A Master’s degree is typically needed for advancement in this career, especially for managerial positions. Students typically continue to major in Systems Engineering.

Step 4: Look for Entry-Level Jobs

After finishing college, immediately start looking for entry-level Systems Engineer positions in the industry related to your area of specialization.

Step 5: Become a Professional Engineer

Many Systems Engineers eventually earn a professional engineer license, which requires the passing of several exams. Engineers must first pass the Fundamentals of Engineering (FE) exam followed by the Principles of Engineering (PE) exam.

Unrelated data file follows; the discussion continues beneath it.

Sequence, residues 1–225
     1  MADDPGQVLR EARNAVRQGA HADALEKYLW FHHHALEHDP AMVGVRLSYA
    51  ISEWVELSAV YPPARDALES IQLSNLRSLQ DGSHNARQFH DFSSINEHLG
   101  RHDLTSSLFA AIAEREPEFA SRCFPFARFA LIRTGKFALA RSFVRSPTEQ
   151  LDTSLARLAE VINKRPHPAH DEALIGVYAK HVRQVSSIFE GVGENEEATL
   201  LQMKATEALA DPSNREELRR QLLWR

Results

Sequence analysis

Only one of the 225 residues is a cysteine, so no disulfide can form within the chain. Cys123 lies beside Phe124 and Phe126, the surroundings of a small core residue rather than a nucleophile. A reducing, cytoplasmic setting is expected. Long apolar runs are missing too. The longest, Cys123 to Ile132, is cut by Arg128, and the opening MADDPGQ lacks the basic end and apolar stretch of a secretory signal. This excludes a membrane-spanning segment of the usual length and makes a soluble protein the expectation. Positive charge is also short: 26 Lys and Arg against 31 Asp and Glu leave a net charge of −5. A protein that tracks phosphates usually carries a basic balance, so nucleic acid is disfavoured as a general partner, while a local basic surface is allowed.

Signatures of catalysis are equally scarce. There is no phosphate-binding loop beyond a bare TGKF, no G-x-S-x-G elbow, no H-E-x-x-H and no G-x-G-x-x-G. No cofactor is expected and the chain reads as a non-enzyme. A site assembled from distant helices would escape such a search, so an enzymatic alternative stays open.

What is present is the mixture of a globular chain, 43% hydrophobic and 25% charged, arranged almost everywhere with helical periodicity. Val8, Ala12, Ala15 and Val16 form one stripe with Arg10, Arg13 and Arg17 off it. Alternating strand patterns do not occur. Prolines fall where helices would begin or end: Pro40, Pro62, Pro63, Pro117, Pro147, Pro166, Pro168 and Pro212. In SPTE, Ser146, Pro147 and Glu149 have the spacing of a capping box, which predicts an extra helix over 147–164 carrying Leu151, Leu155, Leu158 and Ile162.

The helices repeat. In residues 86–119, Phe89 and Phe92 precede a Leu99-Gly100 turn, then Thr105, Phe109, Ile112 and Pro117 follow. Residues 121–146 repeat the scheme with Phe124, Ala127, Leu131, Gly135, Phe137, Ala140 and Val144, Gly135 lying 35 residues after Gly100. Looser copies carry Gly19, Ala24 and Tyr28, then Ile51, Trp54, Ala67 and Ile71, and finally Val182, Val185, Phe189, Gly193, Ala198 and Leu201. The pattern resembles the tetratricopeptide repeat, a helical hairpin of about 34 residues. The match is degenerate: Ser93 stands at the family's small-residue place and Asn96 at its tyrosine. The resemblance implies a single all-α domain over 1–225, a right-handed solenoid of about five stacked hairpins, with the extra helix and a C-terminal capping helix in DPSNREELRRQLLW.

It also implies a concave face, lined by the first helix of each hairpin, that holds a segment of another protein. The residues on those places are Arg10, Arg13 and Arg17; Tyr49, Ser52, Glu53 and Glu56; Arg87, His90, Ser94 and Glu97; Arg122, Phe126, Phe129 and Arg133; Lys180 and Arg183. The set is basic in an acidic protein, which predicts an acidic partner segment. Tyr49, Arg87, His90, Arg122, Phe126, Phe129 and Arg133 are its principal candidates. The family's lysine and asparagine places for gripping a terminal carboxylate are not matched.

Should you become one

Best personality type for this career

The Thinker

People with this personality likes to work with ideas that require an extensive amount of thinking. They prefer work that requires them to solve problems mentally.

You can read more about these career personality types here.

Systems Engineers need to possess strong logical thinking skills to process a vast amount of data and business components when developing or improving systems. Detail-oriented individuals are also well-suited for this career, as Systems Engineers need to consider a wide range of details to solve problems. Communication skills are also essential for Systems Engineers due to frequent collaboration with technical and nontechnical individuals.